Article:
• Fish Stock made using fish bones and mirepoix (mix of onions, carrots, celery aromatics) must be cooked for no more than 30 to 45 minutes in order to retain most desirable flavours. Japanese cooking makes use of ‘dashi’ which is a fish and kelp stock involving very brief cooking.
  • Prawn Stock is prepared by boiling prawn shells in water and is used in Southeast Asian Gourmet Dishes like the laksa.
  • Vegetable stock is made purely from a selection of vegetables only.

As Chicken Stock is widely used its preparation is detailed below-

Preparation of Chicken Stock

Although stock may readily available of the shelf at the local grocery, homemade stock is far more fresh and flavourful. Also, making the stock from scratch offers unlimited options in terms of flavours and consistency of the final product.


  • Chicken Scraps (bones, gizzard, skin, chicken feet and other parts)
  • Carrots
  • Celery Stalks
  • Onions
  • Parsley
  • Salt and Pepper to taste
  • About 6 to 10 liters of Water


1. The carrots, celery, and onions are cleaned and chopped roughly into large chunks.

2. Chicken parts, vegetables, and parsley are placed in a large stock pot along with salt and pepper.

3. Sufficient water is added to cover all ingredients well. Normally, a minimum of about 6 liters is a good enough.

4. The water is then brought to a rolling boil before heat is turned down to medium or medium-low, in order to maintain a very gentle boil.

5. This liquid is left to simmer for about 6 hours, intermittently skimming off any scum that forms on the surface.

6. The stock or broth is strained and vegetables and chicken scraps discarded.

7. The chicken broth is ready for immediate use or may be stored in the refrigerator or freezer for a couple of weeks. It may be boiled for a few minutes every three days or so in order to maintain its freshness.

Note: Salt is sometimes avoided while making a stock, since most often stocks have to be reduced while preparing soups and sauces and this would cause it to become too salty.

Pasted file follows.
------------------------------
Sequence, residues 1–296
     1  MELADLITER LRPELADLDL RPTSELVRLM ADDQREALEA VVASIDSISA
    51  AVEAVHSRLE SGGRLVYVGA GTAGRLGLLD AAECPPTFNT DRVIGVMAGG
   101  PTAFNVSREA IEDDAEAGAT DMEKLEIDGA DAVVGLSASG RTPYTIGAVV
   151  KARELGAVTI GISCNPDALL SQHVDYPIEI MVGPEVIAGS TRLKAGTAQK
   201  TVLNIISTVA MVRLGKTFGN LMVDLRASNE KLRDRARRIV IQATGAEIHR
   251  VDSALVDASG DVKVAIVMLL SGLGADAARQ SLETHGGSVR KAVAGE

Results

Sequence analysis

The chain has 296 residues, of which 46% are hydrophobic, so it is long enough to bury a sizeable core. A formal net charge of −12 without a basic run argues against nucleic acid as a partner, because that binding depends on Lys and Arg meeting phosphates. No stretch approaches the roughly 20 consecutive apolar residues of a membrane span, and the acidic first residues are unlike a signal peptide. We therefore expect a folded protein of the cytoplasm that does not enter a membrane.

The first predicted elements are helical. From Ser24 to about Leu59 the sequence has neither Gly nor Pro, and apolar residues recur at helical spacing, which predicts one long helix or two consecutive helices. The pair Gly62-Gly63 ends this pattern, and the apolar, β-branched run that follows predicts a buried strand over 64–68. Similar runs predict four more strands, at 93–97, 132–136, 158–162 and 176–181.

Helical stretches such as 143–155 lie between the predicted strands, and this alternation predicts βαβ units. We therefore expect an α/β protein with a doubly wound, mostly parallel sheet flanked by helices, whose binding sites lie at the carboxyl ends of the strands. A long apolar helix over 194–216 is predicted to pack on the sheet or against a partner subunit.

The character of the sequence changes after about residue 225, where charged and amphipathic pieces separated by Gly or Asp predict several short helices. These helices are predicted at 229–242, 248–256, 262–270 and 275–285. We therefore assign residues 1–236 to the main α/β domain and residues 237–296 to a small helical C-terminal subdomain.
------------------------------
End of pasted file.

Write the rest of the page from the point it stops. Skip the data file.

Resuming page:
Nutritive Value of Traditional Homemade Chicken Stock

About 250 g of this chicken stock supplies-

Approximately 75 calories with Carbohydrates providing around 35 calories, proteins 25 and fats 20 calories per serving. While water makes up the major constituent ~ 220 g, carbohydrates account for 8.5 g, proteins 6 g and fats 3 g per serving. Stock is a good source of B-vitamins and folate as well as minerals like calcium, phosphorus, magnesium, potassium, iron and zinc.

Health Benefits of Homemade Stock

Well made home cooked stock offers the following advantages-

  • Boosts immunity
  • Aids digestion
  • Enhances efficiency of protein utilisation
  • Provides easily digestible minerals such as calcium
  • Provides a rich source of Collagen, a structural protein from the bone tissues that is extremely healthy as it supports healthy skin, hair, and nails, and also protects joints.
  • May improve symptoms associated with: peptic ulcers, joint pains, common cold and other infections, tuberculosis, diabetes, muscle diseases, jaundice, cancer, certain food allergies, indigestion, inflammatory bowel disorders, osteoporosis, pain and inflammation, hypertension, elevated cholesterol and allergies among others.

Health Concern

Depending upon the method of preparation, chicken stock can have substantial amounts of sodium. A cup serving can have as much as 350 mg of sodium. Hence, it is best to avoid salt while making the stock.